Oracle Claims Benchmark Record With SPARC Supercluster Servers

Oracle has introduced a new line of SPARC-powered servers that, when assembled into a server cluster, deliver transaction processing speeds three times faster than IBM systems and more than 7 times faster than HP systems. The new processor, server, storage, networking and operating system announcements continue Oracle's strategy of engineering hardware and software to work together to optimize performance and efficiency.

December 6, 2010

3 Min Read
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Oracle has introduced a new line of SPARC-powered servers that, when assembled into a server cluster, deliver transaction processing speeds three times faster than IBM systems and more than 7 times faster than HP systems. The new processor, server, storage, networking and operating system announcements continue Oracle's strategy of engineering hardware and software to work together to optimize performance and efficiency.

Oracle SPARC Supercluster systems comprise a group of SPARC T3 servers running SPARC processors, flash storage and InfiniBand networking equipment. The SPARC server and processor lines were developed by Sun Microsystems, which Oracle acquired earlier this year. The independent Transaction Processing Performance Council's TPC-C benchmark reported that the Oracle system topped 30 million transactions per minute doing online transaction processing on an Oracle 11g database. That tops the 10 million transactions-per-minute performance of an IBM Power 780 system and the 4 million transactions-per-minute performance of an HP Superdome high-performance computer.

Oracle CEO Larry Ellison took particular aim at HP in his remarks at an event Thursday in Santa Clara, Calif.: "We think the HP machines are vulnerable, we think they're slow, we think they're expensive. They are vulnerable in the marketplace and we're going to go after them," Ellison said at the event.

HP responds that Oracle is comparing two different server platforms that are not the same--that is, a cluster of new Oracle servers versus one instance of an older HP server. HP also notes that it is the top-selling server brand, based on industry reports. "Larry Ellison bought a money-losing business that had steady market share declines for years, and which still ranks at the bottom of the market. Customers aren't fooled by outdated benchmarks, no matter what Oracle says," HP said in a statement.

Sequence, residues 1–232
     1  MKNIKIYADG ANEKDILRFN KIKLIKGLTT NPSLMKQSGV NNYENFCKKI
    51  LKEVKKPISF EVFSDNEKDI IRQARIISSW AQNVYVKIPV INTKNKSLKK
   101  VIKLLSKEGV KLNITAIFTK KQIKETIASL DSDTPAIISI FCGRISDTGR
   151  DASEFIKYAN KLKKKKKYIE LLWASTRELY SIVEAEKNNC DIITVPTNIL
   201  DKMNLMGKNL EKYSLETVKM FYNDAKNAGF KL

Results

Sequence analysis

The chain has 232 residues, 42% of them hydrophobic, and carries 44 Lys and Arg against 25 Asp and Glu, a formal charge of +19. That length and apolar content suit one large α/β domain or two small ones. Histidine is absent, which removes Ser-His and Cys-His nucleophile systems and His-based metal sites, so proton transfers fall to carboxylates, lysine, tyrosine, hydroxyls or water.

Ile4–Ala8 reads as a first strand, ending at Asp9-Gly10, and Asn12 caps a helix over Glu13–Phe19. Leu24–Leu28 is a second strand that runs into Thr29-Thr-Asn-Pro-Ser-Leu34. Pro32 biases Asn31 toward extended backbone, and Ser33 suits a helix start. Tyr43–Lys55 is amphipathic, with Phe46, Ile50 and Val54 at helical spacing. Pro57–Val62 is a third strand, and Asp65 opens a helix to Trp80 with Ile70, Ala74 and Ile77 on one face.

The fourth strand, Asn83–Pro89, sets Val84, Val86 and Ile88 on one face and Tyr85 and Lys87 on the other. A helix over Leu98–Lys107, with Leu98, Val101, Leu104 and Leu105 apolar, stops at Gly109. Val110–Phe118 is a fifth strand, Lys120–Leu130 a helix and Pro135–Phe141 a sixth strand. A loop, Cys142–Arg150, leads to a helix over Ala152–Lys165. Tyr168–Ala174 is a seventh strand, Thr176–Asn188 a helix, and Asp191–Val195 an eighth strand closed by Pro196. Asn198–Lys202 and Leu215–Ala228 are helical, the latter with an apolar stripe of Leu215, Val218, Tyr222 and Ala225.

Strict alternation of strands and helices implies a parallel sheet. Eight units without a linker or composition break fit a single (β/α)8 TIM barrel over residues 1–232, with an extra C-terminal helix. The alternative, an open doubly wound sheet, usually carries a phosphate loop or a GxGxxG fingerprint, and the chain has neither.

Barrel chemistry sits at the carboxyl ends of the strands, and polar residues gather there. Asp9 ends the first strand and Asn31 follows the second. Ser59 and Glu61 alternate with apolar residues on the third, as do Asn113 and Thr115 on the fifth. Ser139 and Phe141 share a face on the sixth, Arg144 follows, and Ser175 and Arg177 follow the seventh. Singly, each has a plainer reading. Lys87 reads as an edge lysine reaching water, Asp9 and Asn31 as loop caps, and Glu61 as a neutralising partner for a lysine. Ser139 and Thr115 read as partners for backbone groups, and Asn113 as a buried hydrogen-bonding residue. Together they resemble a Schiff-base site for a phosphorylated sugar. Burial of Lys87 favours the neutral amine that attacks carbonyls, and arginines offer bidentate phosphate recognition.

Oracle also announced a refreshed line of SPARC T-Series and Enterprise M-Series servers, as well as a SPARC T3 server processor that the company says is the industry's first 16-core processor. In addition, Oracle introduced a SPARC-powered version of the Oracle Exalogic Elastic Cloud engineered system optimized for running Java applications. This follows the introduction of an x86-based Elastic Cloud system at the Oracle Open World convention in September. Oracle is also preparing to release a new version of Sun's Solaris operating system sometime next year. By combining the operating system, software, processor, server and other components together, you get a highly optimized system, says John Fowler, executive vice president of systems at Oracle. "More than any single piece, what we're doing here is engineering core technology like SPARC and Solaris and doing it with an understanding of the entire environment," Fowler says. "We're engineering all of this technology to work together."

It makes sense that a company would want its customers to buy all of their system components from the company, notes Nathan Brookwood of the research firm Insight 64. "It's an easy claim to make, but you need some proof points, and what's interesting about today's event is that they actually have that proof point," Brookwood says of the benchmark. "The 30 million, that is an awesome number." Fujitsu also announced the introduction of a new line of its servers also running the SPARC processors. Fujitsu and Sun Microsystems co-developed the SPARC processor. 

There has been a notable rivalry between Oracle and HP of late after Oracle hired Mark Hurd as a co-president after Hurd had been forced to resign as HP CEO in August. HP hired as Hurd's replacement Léo Apotheker, a former CEO of software company SAP. Oracle in November won a $1.3 billion federal lawsuit against SAP for stealing Oracle software code.

Brookwood also says the rivalry stems from efforts by HP, as well as other tech companies, to woo away Sun Microsystems' customers during the long period from April 2009 to January 2010 when Oracle's acquisition of Sun was pending.

The various Oracle products introduced Thursday will be available within the next calendar year, says an Oracle spokeswoman.

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